House of Grace, Kisumu Kenya

We are staying overnight at the home of Jim and Eden Grace, in Kisumu, Kenya. Earlier this evening, I caught a glimpse of Lake Victoria out of my second story window. Eden has traveled to the north to visit two Friends hospitals. Jim has been a wonderful host, and their sons Isaiah and Jessie have accepted us into their home. Their two cats seem to enjoy the extra attention, as well.

Eloise and I were met at Kisumu airport by John Muhangi. John is tha Africa Director for Friends United Meeting. John told stories of his travels in the old blue truck, which is ready for retirement, but keeps providing service until John can obtain another vehicle. We had fish for lunch at a hotel just across the street from the office building where F.U.M. has its offices. Prior to lunch, Eloise and I worked with John on refining a schedule for the three day workshop for teachers, school heads and education secretaries for a number of Friends schools in Kenya.

Quite a bit of our conversation today centered on the Kenyan national exams. Every student is graded and compared to others. Schools are compared based on how well their students have done on the exams. I read several articles in the newspapers about the exam results, most of which centered on deficiencies in schools due to a lack of high-performing students. John himself spoke of the need for Friends schools to improve their performance so that students improve their performance. In his logic, the full implementation of the peace curriculum will lead to better school discipline, which will lead to better student performance on national exams.

The exams and the implications of the results for individuals and their schools is a serious national obsession in Kenya. In today’s newspaper, an editorial questioned the value of the national exams and how assessment data are used. The editorial raised a primary objection to the intense attention put on the exams. This objection is that the exams seem to put intense pressure on children to perform well academically so that they can get into university so that they can receive an education that will lead to no result in the job market. That is, in Kenya there is a strong controlling assumption that all learners must race to the top in order to succeed, but when the few winners do get to the top, there is nothing to win, as there are no jobs to be had.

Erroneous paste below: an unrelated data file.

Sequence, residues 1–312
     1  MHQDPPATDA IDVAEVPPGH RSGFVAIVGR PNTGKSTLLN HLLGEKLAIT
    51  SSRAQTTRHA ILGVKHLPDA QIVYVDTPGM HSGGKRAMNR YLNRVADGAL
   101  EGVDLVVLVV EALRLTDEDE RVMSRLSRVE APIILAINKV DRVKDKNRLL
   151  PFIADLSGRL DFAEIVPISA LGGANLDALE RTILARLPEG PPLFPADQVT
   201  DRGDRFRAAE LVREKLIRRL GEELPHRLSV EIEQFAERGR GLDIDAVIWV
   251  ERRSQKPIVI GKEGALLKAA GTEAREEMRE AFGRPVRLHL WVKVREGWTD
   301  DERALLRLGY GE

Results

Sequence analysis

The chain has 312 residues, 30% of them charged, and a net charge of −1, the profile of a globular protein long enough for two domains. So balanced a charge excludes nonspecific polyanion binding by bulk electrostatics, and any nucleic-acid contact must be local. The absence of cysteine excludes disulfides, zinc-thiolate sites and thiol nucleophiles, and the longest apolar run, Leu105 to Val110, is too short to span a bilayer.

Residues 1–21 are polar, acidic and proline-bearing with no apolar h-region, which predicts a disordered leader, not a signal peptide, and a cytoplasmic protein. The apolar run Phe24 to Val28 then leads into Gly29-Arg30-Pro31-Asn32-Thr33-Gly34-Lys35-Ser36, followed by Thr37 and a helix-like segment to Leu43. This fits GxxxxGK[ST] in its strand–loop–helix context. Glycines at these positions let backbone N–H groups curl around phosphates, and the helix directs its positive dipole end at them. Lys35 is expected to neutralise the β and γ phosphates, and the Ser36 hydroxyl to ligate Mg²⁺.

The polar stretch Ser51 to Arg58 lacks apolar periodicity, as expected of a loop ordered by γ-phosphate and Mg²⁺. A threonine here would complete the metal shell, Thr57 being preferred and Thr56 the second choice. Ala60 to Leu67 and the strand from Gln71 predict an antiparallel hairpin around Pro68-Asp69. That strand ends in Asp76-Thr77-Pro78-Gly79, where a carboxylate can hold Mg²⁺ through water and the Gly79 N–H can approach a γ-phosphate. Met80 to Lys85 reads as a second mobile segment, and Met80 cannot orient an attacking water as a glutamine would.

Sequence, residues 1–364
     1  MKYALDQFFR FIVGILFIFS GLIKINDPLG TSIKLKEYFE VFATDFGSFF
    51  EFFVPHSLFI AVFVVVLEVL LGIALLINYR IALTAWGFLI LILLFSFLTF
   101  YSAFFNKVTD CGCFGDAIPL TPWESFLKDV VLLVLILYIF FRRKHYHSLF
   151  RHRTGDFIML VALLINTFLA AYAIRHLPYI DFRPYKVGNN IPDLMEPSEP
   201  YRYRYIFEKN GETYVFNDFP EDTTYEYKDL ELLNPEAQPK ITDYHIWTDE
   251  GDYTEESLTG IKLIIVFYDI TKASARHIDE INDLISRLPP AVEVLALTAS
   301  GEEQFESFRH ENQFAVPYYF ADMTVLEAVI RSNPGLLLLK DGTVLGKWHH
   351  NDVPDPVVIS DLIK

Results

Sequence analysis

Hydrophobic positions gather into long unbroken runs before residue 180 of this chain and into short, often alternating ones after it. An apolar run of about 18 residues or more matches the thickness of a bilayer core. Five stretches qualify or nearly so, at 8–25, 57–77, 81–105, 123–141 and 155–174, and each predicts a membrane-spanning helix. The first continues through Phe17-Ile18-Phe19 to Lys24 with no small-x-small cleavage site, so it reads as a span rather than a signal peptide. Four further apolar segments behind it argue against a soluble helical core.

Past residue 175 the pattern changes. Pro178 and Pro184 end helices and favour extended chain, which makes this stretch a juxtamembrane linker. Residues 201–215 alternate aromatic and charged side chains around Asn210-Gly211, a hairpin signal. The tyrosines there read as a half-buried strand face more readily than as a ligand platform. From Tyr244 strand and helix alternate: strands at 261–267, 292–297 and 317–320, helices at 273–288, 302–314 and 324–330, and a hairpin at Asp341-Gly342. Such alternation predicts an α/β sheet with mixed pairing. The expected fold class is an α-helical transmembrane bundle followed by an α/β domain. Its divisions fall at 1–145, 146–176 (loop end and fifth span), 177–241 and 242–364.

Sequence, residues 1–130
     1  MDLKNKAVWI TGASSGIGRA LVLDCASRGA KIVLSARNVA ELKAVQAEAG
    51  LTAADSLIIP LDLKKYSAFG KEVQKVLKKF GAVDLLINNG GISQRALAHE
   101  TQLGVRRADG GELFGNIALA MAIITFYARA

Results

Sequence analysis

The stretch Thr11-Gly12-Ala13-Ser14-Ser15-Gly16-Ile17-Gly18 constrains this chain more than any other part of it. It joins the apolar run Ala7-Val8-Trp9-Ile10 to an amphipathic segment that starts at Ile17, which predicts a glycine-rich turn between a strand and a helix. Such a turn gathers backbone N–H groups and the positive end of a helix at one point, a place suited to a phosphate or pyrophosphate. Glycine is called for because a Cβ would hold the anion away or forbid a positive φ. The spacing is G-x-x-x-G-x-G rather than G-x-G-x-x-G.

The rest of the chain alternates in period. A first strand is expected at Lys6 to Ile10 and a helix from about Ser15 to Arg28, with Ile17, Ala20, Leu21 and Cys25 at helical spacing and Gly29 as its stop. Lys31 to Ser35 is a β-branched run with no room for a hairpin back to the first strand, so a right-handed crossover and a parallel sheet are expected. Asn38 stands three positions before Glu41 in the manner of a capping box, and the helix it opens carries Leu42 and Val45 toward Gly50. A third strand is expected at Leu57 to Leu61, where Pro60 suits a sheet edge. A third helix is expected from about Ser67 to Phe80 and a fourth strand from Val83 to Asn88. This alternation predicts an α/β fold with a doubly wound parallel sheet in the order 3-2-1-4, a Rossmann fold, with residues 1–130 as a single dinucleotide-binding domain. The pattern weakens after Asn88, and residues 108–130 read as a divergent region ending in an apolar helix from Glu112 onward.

I thought again about my conversation with the Friends Education Secretaries at Lugulu last August. We discussed the needs for additional options for Friends Youth after secondary school, including vocational technical training and education. Matthew Crawford, in his book Shop Class as Soulcraft presented an argument for vocational technical education and training as well. Crawford’s recent book outlined some of the difficulties in American student’s race to the top and the mindless, unsatisfying work awaiting many American college graduates. Indeed, Crawford argues that craft and trade work are two occupational areas fairly wide open in the United States, though we are convincing ourselves there is no value or honor in the trades and crafts, and no money. It seems that the Western view of excellence in education is now affecting the United States in a similar way it has affected Kenya; unemployed or underemployed university graduates along with many ill-prepared young people who were either locked out or chose not to go to the university.

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